Large gains in China’s currency aren’t in anyone’s interest and the yuan is already appreciating progressively, according to a former adviser to the nation’s central bank.
“A big fluctuation is not good for anybody -- not good for Chinese companies, not good for the global financial monetary system,” Fan Gang, a former member of the People’s Bank of China monetary policy committee, said in an interview in Kuala Lumpur today. The yuan “will be appreciating against the U.S. dollar, and it’s in the process” of doing so, he said.
Premier Wen Jiabao has been resisting international calls to allow the yuan to appreciate significantly, saying this month a 20 percent rise would cause job losses and “major social upheaval.” The currency has gained about 2 percent against the dollar since June 19, when the central bank said it would pursue a more flexible exchange rate after keeping it pegged for almost two years.
Fan reiterated that a revaluation of yuan -- even one of the magnitude of the yen’s appreciation during the 1970s and 1980s -- wouldn’t have a big impact on the U.S. trade deficit with China.
U.S. President Barack Obama said Sept. 20 China is keeping its currency cheap to aid exporters. China ran up a $119 billion trade surplus with the U.S. in the first half of 2010, putting it on course to exceed last year’s total of $227 billion, figures from the U.S. Commerce Department show.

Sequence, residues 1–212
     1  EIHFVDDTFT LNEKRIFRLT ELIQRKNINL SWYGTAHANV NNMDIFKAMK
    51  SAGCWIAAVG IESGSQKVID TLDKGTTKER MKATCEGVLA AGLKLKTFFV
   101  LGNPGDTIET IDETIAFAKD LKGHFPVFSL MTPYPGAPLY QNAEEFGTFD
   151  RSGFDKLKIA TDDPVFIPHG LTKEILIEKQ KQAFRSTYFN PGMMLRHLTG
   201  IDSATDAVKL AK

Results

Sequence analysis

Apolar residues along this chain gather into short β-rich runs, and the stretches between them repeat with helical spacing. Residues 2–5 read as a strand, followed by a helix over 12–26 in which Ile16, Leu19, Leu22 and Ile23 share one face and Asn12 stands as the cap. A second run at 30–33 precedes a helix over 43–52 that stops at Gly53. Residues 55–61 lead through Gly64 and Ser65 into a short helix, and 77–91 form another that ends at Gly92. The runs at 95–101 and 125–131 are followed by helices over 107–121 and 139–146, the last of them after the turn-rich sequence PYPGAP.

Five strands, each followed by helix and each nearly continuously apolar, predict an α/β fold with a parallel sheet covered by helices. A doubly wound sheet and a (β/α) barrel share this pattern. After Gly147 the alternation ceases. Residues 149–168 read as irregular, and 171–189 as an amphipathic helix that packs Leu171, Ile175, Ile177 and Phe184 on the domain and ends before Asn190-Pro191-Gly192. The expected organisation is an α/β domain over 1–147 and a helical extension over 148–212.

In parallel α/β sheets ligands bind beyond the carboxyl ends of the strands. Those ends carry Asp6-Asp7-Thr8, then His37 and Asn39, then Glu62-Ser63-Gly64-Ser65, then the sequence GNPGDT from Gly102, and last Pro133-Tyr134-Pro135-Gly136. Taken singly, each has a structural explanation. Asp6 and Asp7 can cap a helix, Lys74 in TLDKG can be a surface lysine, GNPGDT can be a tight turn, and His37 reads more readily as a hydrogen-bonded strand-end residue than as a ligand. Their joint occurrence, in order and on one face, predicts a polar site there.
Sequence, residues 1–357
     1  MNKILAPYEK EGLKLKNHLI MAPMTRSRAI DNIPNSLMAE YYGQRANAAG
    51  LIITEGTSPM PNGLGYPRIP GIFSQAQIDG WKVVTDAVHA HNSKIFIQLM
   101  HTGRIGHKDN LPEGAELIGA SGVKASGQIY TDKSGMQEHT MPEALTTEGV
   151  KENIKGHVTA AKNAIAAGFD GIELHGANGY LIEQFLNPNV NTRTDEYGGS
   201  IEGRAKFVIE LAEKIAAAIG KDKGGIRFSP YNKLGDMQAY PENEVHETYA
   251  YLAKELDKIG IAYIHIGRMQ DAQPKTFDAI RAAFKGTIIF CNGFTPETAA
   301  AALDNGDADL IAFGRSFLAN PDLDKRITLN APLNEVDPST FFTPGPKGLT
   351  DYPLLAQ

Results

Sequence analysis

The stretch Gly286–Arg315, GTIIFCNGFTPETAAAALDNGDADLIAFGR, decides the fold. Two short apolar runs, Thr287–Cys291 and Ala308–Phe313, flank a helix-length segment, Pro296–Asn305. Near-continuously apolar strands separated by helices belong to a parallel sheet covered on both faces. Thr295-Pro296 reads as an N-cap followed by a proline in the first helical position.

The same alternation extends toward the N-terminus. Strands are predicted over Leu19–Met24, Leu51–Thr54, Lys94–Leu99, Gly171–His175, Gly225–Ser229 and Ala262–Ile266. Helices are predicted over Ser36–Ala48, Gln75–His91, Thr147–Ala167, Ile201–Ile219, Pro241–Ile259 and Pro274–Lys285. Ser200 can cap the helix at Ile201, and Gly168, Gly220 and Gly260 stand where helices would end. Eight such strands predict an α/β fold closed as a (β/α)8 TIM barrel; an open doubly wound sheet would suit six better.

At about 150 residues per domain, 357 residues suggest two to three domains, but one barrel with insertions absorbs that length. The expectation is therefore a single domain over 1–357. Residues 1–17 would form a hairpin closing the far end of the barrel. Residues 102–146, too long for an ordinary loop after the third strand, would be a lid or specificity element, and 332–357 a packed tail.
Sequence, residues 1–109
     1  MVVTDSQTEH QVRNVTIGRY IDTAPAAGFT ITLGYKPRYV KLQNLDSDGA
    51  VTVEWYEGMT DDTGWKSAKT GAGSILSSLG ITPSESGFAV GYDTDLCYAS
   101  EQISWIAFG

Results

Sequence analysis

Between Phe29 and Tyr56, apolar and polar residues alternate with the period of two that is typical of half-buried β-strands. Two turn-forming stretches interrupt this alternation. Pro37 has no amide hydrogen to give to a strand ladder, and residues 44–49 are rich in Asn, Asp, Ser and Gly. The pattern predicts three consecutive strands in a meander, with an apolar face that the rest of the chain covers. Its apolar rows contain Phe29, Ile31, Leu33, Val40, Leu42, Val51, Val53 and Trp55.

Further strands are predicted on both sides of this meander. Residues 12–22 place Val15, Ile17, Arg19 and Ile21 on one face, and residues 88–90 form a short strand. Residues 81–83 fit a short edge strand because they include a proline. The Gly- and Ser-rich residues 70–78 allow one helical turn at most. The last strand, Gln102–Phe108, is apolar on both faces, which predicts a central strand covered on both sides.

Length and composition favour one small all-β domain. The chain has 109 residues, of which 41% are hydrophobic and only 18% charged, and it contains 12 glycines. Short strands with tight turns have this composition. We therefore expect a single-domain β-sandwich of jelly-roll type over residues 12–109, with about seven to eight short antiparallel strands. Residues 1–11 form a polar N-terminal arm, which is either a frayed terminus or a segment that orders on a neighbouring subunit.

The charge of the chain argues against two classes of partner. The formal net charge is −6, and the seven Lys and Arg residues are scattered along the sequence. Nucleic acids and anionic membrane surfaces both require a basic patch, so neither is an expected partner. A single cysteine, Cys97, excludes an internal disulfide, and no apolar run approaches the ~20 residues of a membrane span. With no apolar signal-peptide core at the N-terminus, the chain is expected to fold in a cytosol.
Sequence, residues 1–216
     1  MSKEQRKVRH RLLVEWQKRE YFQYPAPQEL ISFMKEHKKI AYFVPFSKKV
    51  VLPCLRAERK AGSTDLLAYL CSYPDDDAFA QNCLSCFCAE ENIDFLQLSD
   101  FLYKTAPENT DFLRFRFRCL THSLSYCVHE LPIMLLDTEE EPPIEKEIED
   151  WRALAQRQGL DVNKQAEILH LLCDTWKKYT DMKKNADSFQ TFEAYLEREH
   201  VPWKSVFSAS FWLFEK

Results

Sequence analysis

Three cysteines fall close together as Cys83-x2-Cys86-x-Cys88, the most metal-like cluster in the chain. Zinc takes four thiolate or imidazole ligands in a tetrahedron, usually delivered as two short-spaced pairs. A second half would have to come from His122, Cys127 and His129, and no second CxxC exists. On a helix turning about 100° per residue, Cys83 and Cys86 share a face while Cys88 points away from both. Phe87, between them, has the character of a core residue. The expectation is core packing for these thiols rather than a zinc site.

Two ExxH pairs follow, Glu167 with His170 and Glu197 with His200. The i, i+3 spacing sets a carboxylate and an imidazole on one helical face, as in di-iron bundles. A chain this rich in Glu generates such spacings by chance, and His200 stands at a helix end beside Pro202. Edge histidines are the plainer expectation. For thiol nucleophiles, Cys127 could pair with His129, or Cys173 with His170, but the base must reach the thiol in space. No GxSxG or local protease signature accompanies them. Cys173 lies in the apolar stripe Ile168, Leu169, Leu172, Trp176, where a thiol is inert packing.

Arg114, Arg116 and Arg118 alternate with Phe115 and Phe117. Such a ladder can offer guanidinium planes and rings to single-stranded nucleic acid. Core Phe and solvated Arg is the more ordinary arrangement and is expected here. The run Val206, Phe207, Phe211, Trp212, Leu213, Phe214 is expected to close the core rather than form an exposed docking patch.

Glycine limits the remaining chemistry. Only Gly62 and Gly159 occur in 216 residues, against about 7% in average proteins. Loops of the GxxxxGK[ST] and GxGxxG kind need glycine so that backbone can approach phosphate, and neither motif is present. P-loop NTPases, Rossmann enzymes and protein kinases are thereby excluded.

The yuan should be allowed to appreciate at its own pace and any changes will depend on China’s economic fundamentals, Chen Jian, vice minister of commerce, said in Taipei today.
The biggest risk to China’s economy, which overtook Japan as the world’s second biggest last quarter, is an asset bubble, Fan said, adding that policy makers should increase supply to curb home-price gains. Property prices in urban China are “too high” and “difficult to accept,” according to a third-quarter survey of urban households by the central bank released Sept. 19.
Fan said he forecasts gross domestic product may expand 9 percent this year and between 8 percent and 9 percent in 2011. Inflation is not a “big risk” now as it will likely peak at less than 4 percent by year-end, he said.
China’s growth cooled to 10.3 percent last quarter from 11.9 percent in the first three months of this year, as the government tried to prevent a property bubble by curbing home purchases and closing factories to meet energy-efficiency and pollution targets. Third-quarter data are due on Oct. 21.
Inflation ran at 3.5 percent, a 22-month high, in August, pushed up by rising food costs. Food prices in China will remain stable, Zhou Wangjun, deputy director at the National Development and Reform Commission, China’s top economic planner, said last week.
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